Skeletal muscle is one of the main tissues for storing energy in the body, with glycogen being synthesized from excess glucose as a future fuel reserve. It is well known that cirrhotic patients have low glycogen stores, not only in liver but also in muscle (11, 24). In animals receiving normal feed, we found that glycogen content in isolated soleus muscles and liver was significantly lower in CCl4 than in normal rats (Fig. 6A). The next experiments were performed with the aim of evaluating the effects of BCAA on glycogen synthesis. As shown above, leucine and isoleucine acted directly on muscle to promote glucose uptake and improve glucose intolerance after an oral glucose load in cirrhotic rats. Glucose uptake and glycogen synthesis, a major use of glucose, are thought to be essential for normal postprandial glucose homeostasis. We measured GS activity in isolated muscles from CCl4 rats fasted for 3 days. At −60 min these animals were given a glucose load, at time 0 leucine or isoleucine was administered, and soleus muscles were isolated at 60 min, when the difference in blood glucose levels between controls and the BCAA group was greatest. GS activity in isolated soleus muscle from the CCl4 rats was upregulated significantly by the administration of leucine, but not isoleucine (Fig. 6B). We also found that glycogen content in soleus muscle tended to be greater in the Leu than in the Cont group (data not shown).
Effects of rapamycin on GS and p70 S6 kinase activity in soleus muscle and blood glucose and plasma insulin levels after leucine administration.
To elucidate the mechanism of leucine-induced GS activity (Fig. 6B), we investigated mTOR signaling, a pathway that is thought to be a cellular sensor for amino acids. Although leucine stimulated GS activity, it also induced strong phosphorylation of p70 S6 kinase, a downstream target of mTOR protein kinase (Fig. 7, A and B). GS activity and p70 S6 kinase phosphorylation were inhibited by pretreatment with rapamycin. Blood glucose and plasma insulin concentrations were not altered by pretreatment with rapamycin (Fig. 7, C and D).
BCAA mixtures have been used extensively in Japan as a prescription drug for the treatment of hypoalbuminemia in patients with decompensated liver cirrhosis. Impaired glucose metabolism occurs frequently in patients with cirrhosis and is thought to be among the risk factors that contribute to the serious complications associated with the disorder. The present studies were planned and carried out to evaluate whether BCAA supplementation improved the impaired glucose metabolism associated with cirrhosis. These investigations were based on findings from several clinical studies that BCAA supplementation improved insulin tolerance and glucose tolerance in patients with liver cirrhosis (10a, 11a, 26b).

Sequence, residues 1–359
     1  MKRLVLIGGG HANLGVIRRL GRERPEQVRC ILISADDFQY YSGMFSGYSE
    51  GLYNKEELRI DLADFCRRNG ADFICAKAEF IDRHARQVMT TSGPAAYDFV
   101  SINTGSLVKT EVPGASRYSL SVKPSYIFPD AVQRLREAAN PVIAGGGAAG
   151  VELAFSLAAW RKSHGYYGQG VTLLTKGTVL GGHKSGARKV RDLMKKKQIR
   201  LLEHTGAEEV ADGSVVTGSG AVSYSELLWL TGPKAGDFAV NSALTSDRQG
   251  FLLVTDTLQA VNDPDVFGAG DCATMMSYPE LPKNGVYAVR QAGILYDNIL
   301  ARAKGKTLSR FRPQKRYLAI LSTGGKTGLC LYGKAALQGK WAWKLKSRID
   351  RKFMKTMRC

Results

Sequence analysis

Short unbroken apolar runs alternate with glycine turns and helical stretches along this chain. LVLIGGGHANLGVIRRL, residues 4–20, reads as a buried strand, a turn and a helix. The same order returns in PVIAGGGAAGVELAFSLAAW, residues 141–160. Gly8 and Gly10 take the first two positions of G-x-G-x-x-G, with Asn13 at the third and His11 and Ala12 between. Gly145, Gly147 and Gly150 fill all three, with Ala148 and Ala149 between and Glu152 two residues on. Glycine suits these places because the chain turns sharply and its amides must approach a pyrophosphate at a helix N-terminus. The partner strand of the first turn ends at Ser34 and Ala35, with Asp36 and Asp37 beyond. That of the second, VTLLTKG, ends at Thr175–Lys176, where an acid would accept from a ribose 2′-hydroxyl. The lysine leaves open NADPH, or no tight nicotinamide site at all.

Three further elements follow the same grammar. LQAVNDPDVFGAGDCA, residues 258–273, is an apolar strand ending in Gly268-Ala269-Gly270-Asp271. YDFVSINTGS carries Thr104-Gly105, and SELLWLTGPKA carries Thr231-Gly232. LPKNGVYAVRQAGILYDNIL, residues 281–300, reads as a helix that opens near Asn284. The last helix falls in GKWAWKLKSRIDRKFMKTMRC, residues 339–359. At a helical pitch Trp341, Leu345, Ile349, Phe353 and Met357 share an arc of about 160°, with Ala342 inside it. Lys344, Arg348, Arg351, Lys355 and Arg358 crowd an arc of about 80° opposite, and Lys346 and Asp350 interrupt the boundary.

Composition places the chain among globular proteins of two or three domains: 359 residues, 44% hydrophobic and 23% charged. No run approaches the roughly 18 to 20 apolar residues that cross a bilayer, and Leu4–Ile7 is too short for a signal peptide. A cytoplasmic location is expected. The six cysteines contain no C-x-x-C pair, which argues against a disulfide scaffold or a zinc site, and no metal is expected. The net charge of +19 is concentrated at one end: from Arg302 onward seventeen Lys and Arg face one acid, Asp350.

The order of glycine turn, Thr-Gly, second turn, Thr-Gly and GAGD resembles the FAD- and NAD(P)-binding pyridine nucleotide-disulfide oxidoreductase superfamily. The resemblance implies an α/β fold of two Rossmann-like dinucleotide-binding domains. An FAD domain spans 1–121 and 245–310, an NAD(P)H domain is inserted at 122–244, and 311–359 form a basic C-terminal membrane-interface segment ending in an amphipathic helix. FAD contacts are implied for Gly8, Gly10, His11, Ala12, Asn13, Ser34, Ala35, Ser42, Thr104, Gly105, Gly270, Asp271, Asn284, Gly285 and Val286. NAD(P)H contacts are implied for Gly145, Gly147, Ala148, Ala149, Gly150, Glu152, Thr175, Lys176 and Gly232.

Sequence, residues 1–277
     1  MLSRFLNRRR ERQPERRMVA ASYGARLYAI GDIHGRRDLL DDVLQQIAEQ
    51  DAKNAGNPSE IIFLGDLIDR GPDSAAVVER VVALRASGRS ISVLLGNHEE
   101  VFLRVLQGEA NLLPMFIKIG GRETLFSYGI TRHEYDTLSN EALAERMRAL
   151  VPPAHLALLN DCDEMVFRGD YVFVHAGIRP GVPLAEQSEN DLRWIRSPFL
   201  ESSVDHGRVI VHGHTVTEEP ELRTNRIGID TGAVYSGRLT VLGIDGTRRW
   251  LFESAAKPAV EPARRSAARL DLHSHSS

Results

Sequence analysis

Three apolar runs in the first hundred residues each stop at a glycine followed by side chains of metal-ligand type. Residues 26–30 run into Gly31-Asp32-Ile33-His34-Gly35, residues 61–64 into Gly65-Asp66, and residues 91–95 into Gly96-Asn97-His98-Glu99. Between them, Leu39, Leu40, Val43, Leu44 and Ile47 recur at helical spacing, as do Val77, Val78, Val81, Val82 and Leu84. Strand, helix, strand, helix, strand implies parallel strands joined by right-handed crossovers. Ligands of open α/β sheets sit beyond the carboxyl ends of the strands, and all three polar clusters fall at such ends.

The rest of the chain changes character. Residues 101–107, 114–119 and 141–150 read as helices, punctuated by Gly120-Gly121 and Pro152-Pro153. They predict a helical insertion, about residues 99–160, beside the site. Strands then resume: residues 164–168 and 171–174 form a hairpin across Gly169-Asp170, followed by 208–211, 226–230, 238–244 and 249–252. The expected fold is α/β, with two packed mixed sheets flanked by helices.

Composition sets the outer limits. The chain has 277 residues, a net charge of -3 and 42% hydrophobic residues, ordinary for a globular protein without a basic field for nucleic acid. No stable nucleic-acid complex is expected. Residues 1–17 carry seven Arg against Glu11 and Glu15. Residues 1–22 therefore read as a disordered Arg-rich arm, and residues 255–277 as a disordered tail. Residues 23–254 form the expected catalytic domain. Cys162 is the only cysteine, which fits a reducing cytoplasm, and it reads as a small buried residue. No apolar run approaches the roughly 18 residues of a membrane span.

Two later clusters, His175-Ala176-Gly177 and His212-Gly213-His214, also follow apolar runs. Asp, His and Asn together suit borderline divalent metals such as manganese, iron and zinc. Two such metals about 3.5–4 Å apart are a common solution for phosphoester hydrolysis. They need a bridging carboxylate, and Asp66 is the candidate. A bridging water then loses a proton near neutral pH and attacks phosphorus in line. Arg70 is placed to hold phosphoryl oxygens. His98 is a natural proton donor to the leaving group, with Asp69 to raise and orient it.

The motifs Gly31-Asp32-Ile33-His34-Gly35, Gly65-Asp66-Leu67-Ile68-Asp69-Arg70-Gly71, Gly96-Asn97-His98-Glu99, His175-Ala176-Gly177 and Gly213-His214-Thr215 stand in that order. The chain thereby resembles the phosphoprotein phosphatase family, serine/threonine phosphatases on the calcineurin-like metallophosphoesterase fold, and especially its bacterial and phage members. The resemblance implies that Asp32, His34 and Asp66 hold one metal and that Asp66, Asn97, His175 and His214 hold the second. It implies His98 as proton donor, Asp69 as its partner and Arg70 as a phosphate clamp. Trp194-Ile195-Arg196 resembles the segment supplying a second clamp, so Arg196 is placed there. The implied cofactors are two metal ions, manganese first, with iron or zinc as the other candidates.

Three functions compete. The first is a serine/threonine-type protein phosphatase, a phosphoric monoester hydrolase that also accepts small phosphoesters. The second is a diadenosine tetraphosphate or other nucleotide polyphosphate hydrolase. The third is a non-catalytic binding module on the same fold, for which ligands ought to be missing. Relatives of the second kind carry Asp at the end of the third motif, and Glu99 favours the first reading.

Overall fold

We investigated the effects of BCAA on glucose metabolism in rats with CCl4-induced cirrhosis and found that leucine and isoleucine had characteristic pharmacological effects on skeletal muscle that led to improved glucose metabolism. Our data showed that, after a glucose load in CCl4 rats, administration of leucine or isoleucine reduced blood glucose level without increasing insulin secretion. A possible mechanism to explain these changes is enhancement of glucose uptake via upregulation of GLUT4 and GLUT1 translocation (Figs. 4 and 5). We emphasize that this is the first report that isoleucine promotes in vivo glucose uptake in isolated soleus muscle under pathological conditions (Fig. 3), presumably by its ability to promote translocation of glucose transporter proteins to the plasma membrane in the absence of additional insulin release (Fig. 5). However, another recent report showed that isoleucine promoted glucose uptake in vitro in the myoblast cell line C2C12 (7a). We assume for the reasons listed below that this increase in glucose uptake is mediated by a novel signal independent of mTOR signaling. First, we showed previously that leucine upregulates glucose uptake directly in isolated skeletal muscle in a rapamycin-resistant manner (23), with this action being blocked by phosphatidylinositol 3-kinase (PI3K) and PKC inhibitors. In our previous experiment, the effect of leucine was blocked completely by LY-294002 (a specific inhibitor of PI3K) and GF-109203X (a specific inhibitor of PKC). These results suggest that leucine promotes glucose uptake in skeletal muscle via the PI3K and PKC pathways. The present study demonstrates that isoleucine and leucine have similar effects on glucose uptake and translocation of GLUT4 and GLUT1. We anticipate that GLUT4 translocation induced by BCAAs may be mediated by PI3K and atypical PKC signals, because both of these factors are thought to be involved in the translocation of GLUT4 (5, 7, 23). Using isolated soleus muscles from CCl4 rats, we observed results similar to those seen in normal rats (data not shown). Additionally, we confirmed previously that isoleucine and leucine promoted GLUT4 translocation without activation of Akt phosphorylation, a well-known reaction downstream of PI3K signaling that leads to induction of GLUT4 translocation by insulin. Therefore, further detailed analyses are required to clarify how BCAAs induce the signaling for GLUT4 translocation (unpublished observations). These additional studies also need to examine other energy status-regulated signals, such as AMP kinase. On the other hand, there are several reports indicating that insulin and a change in energy status result in upregulation of GLUT1 mRNA and translocation of the transporter to the plasma membrane (13, 23a, 26a, 31). Inasmuch as BCAAs have similar effects, it is possible that these compounds act as novel signal inducers of an alternative pathway. The mechanism of GLUT1 induction by leucine and isoleucine, however, remains unclear and requires clarification in future studies.